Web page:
In an opinion handed down December 14, the Arkansas Supreme Court adopted the final round of rule changes that clarify the obligations under the Rules of Professional Conduct and Rules of Civil Procedure of attorneys who provide unbundled legal services. Also known as “limited scope representation” or “a la carte legal services,” unbundling allows for a client to hire an attorney to help with some, but not all, of that client’s legal matter. Such representation can include legal advice, document preparation, document review, or limited appearances on behalf of the client.
The opinion includes changes to Rules 11 and 64 of the Arkansas Rules of Civil Procedure, and adds a new Rule 87. These changes explicitly authorize ghostwriting, lay out a process by which an attorney attorney offering unbundled services can put a court on notice of the extent of representation, and provides for termination of representation without leave of the court upon the filing of a notice of completion of the matter.
The rules, as adopted, substantially track the original proposal of the Arkansas Supreme Court Committee on Civil Practice. The only substantive change made is that attorneys who ghostwrite pleadings must disclose their identity in a notation at the end of the document, rather than simply indicating that it was prepared with the assistance of an Arkansas-licensed attorney pursuant to Arkansas Rule of Professional Conduct 1.2(c).
Interested in learning more about these rule changes? Join us for a webinar entitled “How to Ethically Unbundle Your Practice” on January 24, 2018 at noon. We’ll cover these rule changes, the Rules of Professional Conduct that authorize unbundling, and more! Sign up here.
The Arkansas Access to Justice Commission has released a comprehensive set of recommendations for addressing the legal needs of the growing number of Arkansans who are unable to afford to pay for representation in civil cases that deal with such basic needs as family stability, health care, and economic security. Funded by a 2012 technical assistance grant from the State Justice Institute, the study was completed earlier this year by Greacen Associates, LLC.
The study builds on previous research conducted in 2011 by then-Clinton School of Public Service student Chanley Painter. Painter’s study sampled cases in Cleburne, St. Francis, and Pulaski Counties involving domestic relations, guardianships, small estates, foreclosures, and consumer law. Of those cases, 22% to 27% of petitioners represented themselves. Between 90% and 95% of respondents either represented themselves or defaulted.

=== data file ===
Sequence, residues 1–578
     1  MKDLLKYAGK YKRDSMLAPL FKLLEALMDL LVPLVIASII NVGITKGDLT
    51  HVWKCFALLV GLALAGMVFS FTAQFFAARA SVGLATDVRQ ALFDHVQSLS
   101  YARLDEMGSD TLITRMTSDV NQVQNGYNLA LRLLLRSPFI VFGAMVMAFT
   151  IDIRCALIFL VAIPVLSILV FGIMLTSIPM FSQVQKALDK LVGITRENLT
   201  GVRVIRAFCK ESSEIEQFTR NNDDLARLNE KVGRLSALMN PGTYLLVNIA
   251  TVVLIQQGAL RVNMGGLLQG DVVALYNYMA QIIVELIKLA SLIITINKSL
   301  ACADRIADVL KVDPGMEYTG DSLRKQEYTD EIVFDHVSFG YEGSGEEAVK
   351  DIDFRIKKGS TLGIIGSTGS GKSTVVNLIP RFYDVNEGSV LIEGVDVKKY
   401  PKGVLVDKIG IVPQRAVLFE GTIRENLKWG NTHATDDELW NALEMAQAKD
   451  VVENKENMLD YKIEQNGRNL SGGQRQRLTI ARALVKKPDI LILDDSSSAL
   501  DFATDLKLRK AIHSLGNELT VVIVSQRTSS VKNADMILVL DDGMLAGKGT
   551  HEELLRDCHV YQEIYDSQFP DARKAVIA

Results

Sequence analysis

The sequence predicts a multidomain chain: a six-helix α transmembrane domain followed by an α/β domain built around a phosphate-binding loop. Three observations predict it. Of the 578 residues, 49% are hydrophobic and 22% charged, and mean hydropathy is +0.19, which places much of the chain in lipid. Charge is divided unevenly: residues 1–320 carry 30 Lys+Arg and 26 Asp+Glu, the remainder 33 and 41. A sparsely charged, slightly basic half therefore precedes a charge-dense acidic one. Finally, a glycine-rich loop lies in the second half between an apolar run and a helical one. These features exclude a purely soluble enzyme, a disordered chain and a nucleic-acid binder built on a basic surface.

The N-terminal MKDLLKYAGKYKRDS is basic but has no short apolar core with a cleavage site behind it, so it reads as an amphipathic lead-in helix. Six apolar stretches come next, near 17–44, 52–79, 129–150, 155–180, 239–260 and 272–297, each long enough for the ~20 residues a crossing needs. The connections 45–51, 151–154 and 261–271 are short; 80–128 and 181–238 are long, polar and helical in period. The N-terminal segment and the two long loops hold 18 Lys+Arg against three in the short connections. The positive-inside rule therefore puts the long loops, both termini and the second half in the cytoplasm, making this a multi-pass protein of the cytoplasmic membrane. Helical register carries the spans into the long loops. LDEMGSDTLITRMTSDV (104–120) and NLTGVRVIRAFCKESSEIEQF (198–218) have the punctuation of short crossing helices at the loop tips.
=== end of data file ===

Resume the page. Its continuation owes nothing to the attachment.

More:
Painter also surveyed circuit court judges regarding their experiences with self-represented litigants. Eighty-four percent of responding judges reported that they have seen an increase in the number of self-represented litigants over the last three years. The study also indicated that lack of legal representation negatively affects court operations and typically results in worse outcomes for SRLs. Ninety-one percent of responding judges reported differences in how efficiently cases are handled when parties are represented by counsel.
“These numbers were shocking,” said Commission Executive Director Amy Johnson. “It became clear to us that legal aid and pro bono representation alone could not possibly scale to the huge unmet legal needs of Arkansans. We needed a plan.”
‘Private Market Solution’
The SJI grant funded an assessment of the needs of self-represented litigants in Arkansas and a strategic plan for the delivery of services designed to meet the need. Greacen Associates and Commission staff gathered information for the study through a series of interviews with court staff and judges, local attorneys, self-represented litigants, and other stakeholders in five different counties in Arkansas.
The final report, which was unanimously adopted by the Commission in July, included recommendations for encouraging private lawyers to provide limited scope legal representation; for making legal information and forms more broadly available for civil legal issues that are most prevalent among Arkansans of limited means; and for linking attorneys who provide limited scope services to clients who need them.
Arkansas lawyers have long considered legal representation to be an “all-or-nothing” proposition, pricing themselves out of the market for average Arkansans, said Johnson. “If implemented, these recommendations will facilitate development of a private market of discrete legal services that are affordable for clients, profitable for attorneys, and ethically sound,” she said. “In the end, I believe this is the most realistic hope we have bridging the justice gap in Arkansas.”